Chore wheels always end up being an exercise in passive-aggressiveness. Is it possible to make a chore wheel fun AND useful?
Sure it is! Here are a few tips that will make your chore wheel experience more productive and easier to stick with.
1. Think monthly, not weekly
It's too easy, when chores switch each week, for someone to sneak by without having done theirs. If you move to a monthly schedule this is much less likely to happen. It also allows you to build in, if you choose to, some deep cleaning tasks that needn't be done every week, like washing the floors.
2. Clearly define the expectations of what "clean the [blank]" means
Instead of putting someone on kitchen cleaning duty and expecting that all the roommates will interpret that in the same way, define what each role entails. In the case of the kitchen it may look like this:
Weekly chores: Wipe down countertops and stovetop; remove old or spoiled food from the fridge; take out trash; replace dirty dish towels with clean ones
Monthly chores: Wipe out refrigerator; mop floors; launder all dish towels; clean oven and microwave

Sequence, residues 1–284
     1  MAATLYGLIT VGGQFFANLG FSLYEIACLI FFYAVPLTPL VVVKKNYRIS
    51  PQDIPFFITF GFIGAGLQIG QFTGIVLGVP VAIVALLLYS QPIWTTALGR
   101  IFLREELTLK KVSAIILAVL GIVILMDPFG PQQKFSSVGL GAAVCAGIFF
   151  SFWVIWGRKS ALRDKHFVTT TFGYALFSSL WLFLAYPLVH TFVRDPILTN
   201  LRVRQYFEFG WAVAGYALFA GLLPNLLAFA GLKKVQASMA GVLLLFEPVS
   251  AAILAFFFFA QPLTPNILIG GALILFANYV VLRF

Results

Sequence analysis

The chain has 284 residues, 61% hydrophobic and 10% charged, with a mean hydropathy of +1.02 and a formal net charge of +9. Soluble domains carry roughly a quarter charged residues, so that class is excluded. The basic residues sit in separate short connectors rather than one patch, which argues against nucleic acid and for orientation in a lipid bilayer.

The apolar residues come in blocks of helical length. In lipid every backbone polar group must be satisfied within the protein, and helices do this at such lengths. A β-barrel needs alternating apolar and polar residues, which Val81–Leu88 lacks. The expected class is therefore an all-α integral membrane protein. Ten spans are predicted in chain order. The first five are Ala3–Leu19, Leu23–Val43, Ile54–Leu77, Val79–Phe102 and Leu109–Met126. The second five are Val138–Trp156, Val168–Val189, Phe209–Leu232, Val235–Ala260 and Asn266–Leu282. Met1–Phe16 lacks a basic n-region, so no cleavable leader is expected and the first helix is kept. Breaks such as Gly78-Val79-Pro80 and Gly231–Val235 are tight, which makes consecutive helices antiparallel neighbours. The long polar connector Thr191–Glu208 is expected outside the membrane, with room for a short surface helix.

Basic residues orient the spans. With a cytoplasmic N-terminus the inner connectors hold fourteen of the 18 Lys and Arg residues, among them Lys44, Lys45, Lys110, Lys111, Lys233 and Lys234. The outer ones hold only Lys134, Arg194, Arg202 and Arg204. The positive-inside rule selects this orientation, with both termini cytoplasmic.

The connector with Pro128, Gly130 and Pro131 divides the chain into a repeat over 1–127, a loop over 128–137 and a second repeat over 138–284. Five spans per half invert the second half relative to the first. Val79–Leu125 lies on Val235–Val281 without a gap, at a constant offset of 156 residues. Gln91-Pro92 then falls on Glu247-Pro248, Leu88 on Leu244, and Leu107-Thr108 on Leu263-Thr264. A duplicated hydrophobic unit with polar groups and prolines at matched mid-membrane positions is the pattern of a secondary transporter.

3. Build in a system of accountability
When assigning chores, create one that appoints someone the monthly taskmaster. So let's say that Mandy, Sandy, Andy and Bob are roommates. Their chore wheel might look like this:
Mandy - Kitchen Duty
Sandy - Bathroom Duty
Andy - Living Room Duty
Bob - Taskmaster
The taskmaster's role for the month is to ensure that everyone is doing their job, and enforcing the second part of the accountability equasion: money. People are more likely to follow through on their chores if there's money involved, so consider implementing a system by which if one roommate doesn't want to do a weekly task, he/she can put $20 in a communal pot, or pay one of the others that money to do it for them. Same with the monthly task, but up the ante to $50. (These can be adjusted, of course, to fit whatever budget is realistic.)
Read Jolie's last post, "Get It Together: Keeping Things Clean"